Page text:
Once vaccine orders increase, however, the situation may change, especially into the developing world. The major Transpacific and Transatlantic trade lanes are not likely to be disrupted in any significant way by vaccine shipments.

Consumer Patterns

What’s more likely to impact available airfreight space: inventory shortages, caused by months of high consumption and Covid-related supplier challenges. Shortages have been occurring across industries in waves for months now.

For retailers, low inventory is a major business threat. Stockouts represent more than missed sales opportunities; they destabilize customer trust and can send consumers elsewhere for good.

Companies short on inventory are hungry for fast transport to replenish stock quickly. These shippers may choose air over ocean, even if it means a difficult decision to take a loss on a sales cycle. Keeping customers engaged can be more important to the longevity of a business.

Ocean capacity woes may also drive harried shippers to bump goods onto planes if they get the chance. Trade lane turmoil remains exacerbated by equipment shortages, delays due to port congestion, and a seafarer crisis. Chinese New Year capacity is uncertain with carriers forgoing the usual blank sailings—for the most part. A slew of cancellations to Northern Europe could cause new logjams.

Strategic Approaches

With so many circumstances pointing to continued volatility, accurate forecasting and budgeting are crucial in 2021. Plan ahead with these tips:

  • Invest in forecasting. The pandemic has persisted for long enough now that companies can review recent data for trends and predictors. Run in-depth reporting from Flexport’s platform to learn as much as possible about new or emerging supply chain patterns.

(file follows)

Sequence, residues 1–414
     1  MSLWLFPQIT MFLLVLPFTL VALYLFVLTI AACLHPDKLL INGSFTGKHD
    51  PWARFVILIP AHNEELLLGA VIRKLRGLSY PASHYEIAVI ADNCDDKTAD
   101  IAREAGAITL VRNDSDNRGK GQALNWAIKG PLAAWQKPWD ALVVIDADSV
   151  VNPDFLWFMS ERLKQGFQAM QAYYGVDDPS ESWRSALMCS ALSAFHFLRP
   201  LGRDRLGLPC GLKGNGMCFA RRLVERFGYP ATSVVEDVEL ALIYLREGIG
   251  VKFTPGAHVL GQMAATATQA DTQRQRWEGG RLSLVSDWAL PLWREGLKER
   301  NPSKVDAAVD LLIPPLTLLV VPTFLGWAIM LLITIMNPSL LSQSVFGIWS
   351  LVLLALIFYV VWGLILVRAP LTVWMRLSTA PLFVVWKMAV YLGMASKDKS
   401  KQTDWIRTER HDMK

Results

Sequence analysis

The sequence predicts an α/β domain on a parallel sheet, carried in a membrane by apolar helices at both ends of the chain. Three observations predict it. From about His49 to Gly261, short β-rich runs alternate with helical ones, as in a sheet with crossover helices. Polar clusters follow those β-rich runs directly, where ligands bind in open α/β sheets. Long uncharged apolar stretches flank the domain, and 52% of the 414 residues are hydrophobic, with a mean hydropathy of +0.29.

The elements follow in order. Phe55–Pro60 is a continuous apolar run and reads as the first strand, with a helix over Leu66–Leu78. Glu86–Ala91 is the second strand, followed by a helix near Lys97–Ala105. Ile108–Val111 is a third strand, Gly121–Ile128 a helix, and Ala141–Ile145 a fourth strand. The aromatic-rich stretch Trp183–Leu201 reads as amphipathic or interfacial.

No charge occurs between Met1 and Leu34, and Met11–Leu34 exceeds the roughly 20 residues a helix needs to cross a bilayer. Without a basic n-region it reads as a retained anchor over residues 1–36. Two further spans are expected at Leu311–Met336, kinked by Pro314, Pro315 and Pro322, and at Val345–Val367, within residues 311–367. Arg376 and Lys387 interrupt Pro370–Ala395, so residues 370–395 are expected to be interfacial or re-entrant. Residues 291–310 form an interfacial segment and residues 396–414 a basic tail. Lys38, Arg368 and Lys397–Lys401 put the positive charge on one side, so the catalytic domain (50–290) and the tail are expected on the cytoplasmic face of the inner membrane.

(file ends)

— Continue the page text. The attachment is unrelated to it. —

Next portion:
• Bulk up budgets. Since airfreight rates are unlikely to show significant dips for now, businesses should account appropriately for higher costs in go-to-market strategies.
  • Communicate needs. Ask freight forwarders about capacity mixes for different business goals. For Flexport customers, sharing as much information as possible can help find available space across wide air or other carrier networks. Request air or ocean experts join planning sessions as needed.
  • Get creative. Adaptability lets companies find unexpected solutions, like multimodal transportation or new gateways. For example, if the Chicago airport is congested, fly goods to LA and truck them from there.

As strong consumption and tight capacity keeps pressure on rates in 2021, embrace a forward-thinking approach, based on data, market trends, and expert partnerships. Existing Flexport clients can reach out to their client services team and start a conversation about optimizing airfreight. For others, consult with a Flexport expert to get tailored advice.

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Flexport Editorial Team

January 27, 2021